The issue you’re describing is humidity related. Puzzle boxes operate on tolerances measured in the thousandths of an inch and are particularly intolerant of extremes in humidity.
Unfortunately, there is no other way to make them; it’s simply not possible to make a puzzle that works in the dry heat of Arizona as well as the humidity of Singapore...or New Zealand for that matter. The wood expands and contracts according to the environment; quite quickly as you’ve found.
For that reason we advise our collectors to keep the puzzles in humidity-controlled environments, using dehumidifiers or air conditioning to maintain a proper amount.
We keep our shop between 40 and 50% humidity during production. I checked your location and found that ambient humidity is a whopping 90% there. Constantly fluctuating humidity is not good, and will likely cause warping over time; 90% humidity is already an extreme environment for puzzle boxes I’m afraid.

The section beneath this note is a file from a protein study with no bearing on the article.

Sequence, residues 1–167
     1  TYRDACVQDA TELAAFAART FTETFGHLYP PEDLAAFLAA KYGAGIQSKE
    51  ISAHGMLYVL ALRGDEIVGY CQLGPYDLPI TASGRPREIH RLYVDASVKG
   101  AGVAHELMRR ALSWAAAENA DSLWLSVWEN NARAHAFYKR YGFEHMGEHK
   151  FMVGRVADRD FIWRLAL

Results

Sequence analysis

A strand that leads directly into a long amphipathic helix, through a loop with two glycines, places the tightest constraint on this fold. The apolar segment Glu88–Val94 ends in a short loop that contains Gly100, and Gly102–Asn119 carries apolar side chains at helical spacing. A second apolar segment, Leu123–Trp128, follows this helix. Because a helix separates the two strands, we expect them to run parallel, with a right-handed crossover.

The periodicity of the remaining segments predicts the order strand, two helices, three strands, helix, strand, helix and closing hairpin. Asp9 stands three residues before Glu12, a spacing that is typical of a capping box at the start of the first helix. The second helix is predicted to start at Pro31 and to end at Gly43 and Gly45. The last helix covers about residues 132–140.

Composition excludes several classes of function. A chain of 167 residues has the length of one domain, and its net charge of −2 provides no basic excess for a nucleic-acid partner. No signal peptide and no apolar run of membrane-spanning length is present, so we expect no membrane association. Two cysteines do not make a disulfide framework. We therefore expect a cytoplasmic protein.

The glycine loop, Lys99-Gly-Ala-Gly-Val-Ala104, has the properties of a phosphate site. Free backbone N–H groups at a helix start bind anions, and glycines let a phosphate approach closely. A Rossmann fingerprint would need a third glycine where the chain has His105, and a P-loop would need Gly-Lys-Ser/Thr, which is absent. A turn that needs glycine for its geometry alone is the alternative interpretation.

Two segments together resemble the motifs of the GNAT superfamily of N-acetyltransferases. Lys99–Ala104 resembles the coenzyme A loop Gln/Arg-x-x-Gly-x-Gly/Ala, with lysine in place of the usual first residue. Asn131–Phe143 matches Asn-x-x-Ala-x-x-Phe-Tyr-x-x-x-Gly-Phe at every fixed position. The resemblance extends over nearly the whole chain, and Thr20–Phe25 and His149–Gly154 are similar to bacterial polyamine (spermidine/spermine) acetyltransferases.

The wood will react the other direction if put in a dry place, but it will take longer to dry out than it took to absorb. If you don’t have air conditioning or a dehumidifier, my recommendation is to put the box in an airtight bag with some desiccant and a humidity meter to monitor it. It will take some time in the recommended environment to return to normal operations, but it will eventually happen. Don't leave it in too long and dry the wood out entirely!
If you’re intending to collect puzzle boxes I would very much recommend setting up a cabinet with some kind of humidity control system, as you will run into these issues with any boxes you obtain that are high quality with close tolerances. If you find a good storage solution (dehumidified containers or a cabinet), you should be ok to take them out and solve them, but I wouldn’t leave them laying out as the absorption can be rapid.